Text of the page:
“It takes a lot! And I can’t even tell you what because I have a lot of things to work on to get to the top level. You definitely need to gel with the bike, have a good crew behind you — you gotta be ready for [MotoAmerica] because there’s a lot of different things that come at you as opposed to club racing,” said Betton.
So, what does it exactly take to race for MotoAmerica? Firstly, you need to have a certain amount of points from your club racing organization. Buchcik explained: “You need to have 100 expert points from AFM — or WERA, or any other race organization — across three different race weekends. So, that’s what I was pushing for these last three months.”
Additionally, in Buchcik’s case, he only had small-bike experience — he had only raced 300 and 450cc motos. As Betton mentioned earlier, you not only need to gel with the bike, but you need to obtain the points needed on the bike you’re planning to race. So Buchcik had to spend three months trying to get comfortable on a 600cc motorcycle.
“I didn’t have that much 600 experience," Buchcik said. "So, this year, it was a big deal for me to get the points."
Once you have the right bike and the requisite seat time, you also need to have a crew of people who can help you. The crew helps out with anything and everything –– from getting tire warmers and a generator to the grid, to listening in on the radio so they know your positioning during a race.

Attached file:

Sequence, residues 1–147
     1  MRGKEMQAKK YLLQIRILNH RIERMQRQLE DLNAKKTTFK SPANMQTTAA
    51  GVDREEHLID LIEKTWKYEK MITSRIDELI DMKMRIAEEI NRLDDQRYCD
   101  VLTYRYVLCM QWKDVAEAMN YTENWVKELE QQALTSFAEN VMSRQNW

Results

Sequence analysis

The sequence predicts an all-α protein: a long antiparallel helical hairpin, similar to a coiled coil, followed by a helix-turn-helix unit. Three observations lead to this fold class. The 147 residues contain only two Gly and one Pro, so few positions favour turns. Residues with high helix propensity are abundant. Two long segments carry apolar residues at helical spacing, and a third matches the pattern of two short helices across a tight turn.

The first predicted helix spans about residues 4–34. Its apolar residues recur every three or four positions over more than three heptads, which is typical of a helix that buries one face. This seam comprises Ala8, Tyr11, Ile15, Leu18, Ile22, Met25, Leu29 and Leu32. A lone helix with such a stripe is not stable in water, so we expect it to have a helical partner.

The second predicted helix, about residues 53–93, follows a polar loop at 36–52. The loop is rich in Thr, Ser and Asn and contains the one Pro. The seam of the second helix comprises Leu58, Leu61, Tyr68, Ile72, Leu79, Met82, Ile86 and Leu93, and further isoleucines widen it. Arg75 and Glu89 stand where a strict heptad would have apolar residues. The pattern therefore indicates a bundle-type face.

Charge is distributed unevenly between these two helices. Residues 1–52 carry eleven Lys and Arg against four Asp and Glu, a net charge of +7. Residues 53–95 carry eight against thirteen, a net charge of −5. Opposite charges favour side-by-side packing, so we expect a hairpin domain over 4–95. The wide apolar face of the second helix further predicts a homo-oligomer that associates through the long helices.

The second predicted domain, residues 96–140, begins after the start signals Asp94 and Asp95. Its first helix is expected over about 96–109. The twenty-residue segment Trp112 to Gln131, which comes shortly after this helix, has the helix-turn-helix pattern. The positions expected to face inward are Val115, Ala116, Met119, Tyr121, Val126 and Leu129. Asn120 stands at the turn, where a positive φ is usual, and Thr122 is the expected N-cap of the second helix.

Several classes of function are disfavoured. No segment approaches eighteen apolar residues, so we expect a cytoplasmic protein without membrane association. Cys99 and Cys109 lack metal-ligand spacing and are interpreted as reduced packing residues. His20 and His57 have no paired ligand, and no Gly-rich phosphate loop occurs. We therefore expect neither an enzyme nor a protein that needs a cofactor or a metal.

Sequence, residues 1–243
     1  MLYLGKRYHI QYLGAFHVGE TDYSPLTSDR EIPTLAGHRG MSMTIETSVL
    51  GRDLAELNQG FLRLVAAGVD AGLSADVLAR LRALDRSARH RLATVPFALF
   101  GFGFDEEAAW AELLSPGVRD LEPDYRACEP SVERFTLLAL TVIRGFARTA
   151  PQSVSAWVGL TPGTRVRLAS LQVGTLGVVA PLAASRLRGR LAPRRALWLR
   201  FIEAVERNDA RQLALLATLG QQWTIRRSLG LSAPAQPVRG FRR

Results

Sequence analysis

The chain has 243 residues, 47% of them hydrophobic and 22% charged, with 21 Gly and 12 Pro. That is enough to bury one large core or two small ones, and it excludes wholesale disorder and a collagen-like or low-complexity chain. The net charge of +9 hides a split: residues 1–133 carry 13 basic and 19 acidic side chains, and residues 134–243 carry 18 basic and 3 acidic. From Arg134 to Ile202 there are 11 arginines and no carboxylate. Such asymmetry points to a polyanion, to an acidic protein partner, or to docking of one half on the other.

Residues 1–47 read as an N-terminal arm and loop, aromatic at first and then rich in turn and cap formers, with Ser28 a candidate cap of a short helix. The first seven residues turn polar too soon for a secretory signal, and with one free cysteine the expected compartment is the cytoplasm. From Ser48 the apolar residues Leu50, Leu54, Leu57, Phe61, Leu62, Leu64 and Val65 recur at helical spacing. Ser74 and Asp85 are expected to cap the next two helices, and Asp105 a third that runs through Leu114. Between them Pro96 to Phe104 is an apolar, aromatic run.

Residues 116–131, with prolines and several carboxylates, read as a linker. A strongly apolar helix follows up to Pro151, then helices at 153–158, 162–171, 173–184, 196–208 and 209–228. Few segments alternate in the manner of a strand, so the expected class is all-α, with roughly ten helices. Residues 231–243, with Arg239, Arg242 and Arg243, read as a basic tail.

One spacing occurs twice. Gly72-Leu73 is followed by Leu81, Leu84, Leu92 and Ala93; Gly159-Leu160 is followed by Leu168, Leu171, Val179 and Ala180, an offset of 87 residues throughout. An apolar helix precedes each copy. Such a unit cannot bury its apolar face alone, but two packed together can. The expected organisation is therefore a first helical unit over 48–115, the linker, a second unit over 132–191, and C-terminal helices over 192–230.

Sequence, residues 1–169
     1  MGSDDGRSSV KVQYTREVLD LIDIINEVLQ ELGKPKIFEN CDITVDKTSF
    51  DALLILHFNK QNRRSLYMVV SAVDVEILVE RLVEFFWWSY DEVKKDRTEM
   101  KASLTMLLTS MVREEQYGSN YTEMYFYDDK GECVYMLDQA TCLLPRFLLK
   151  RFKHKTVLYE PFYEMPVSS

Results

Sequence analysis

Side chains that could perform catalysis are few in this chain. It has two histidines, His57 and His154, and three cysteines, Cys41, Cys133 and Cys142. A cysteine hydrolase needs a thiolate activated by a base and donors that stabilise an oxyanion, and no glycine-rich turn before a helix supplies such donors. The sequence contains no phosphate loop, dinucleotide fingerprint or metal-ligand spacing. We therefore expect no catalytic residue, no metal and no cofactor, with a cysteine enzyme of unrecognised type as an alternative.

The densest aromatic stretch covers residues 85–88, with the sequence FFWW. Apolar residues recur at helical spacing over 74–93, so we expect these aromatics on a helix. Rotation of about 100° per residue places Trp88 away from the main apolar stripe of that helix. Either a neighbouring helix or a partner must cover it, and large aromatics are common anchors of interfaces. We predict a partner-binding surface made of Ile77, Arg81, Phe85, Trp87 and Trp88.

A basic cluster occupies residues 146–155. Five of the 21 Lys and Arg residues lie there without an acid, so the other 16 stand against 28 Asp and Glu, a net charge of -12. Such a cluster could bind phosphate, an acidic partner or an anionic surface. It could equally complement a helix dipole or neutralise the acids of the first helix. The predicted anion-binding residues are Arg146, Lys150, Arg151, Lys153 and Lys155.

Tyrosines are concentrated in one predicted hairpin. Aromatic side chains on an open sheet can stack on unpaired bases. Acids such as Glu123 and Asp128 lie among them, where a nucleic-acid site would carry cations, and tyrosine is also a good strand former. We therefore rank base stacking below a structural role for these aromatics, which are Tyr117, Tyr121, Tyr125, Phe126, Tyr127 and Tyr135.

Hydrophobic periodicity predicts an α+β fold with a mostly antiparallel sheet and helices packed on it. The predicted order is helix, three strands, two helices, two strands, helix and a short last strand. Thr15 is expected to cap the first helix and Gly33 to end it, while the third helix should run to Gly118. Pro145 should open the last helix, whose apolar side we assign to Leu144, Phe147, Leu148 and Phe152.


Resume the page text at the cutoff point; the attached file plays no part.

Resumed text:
“You have to have crew T-shirts, specific tires, and fuel [MotoAmerica] want you to run. You also need to make sure your bike meets all of their rule requirements. You then come out here, do practice, and be 107 percent of the fast guys,” Murphy explained.
Adhering to the 107 percent rule (a rider's lap time must be within 107 percent of the fastest rider) against seasoned MotoAmerica racers is by far the most difficult thing to accomplish when trying to go pro, according to Betton.
“It’s tough, especially when it comes to the competition," he said. "The competition is higher [in MotoAmerica]. There’s fast guys in club racing. But in the pro races, there’s a lot more people that are faster; therefore, they are closely grouped together. The top five people in front of me during practice were only five- to sixth-tenths of a second from each other."
In the Professional Spotlight
For a few of the AFM racers, heading out on the track during a professional race weekend was nerve-wracking.
“First time going out was pretty surreal," Murphy said. "To go around and see corporate banners and sponsors. Honestly, seeing a TV camera pointed at you for the first time when you’re trying to ride is distracting.”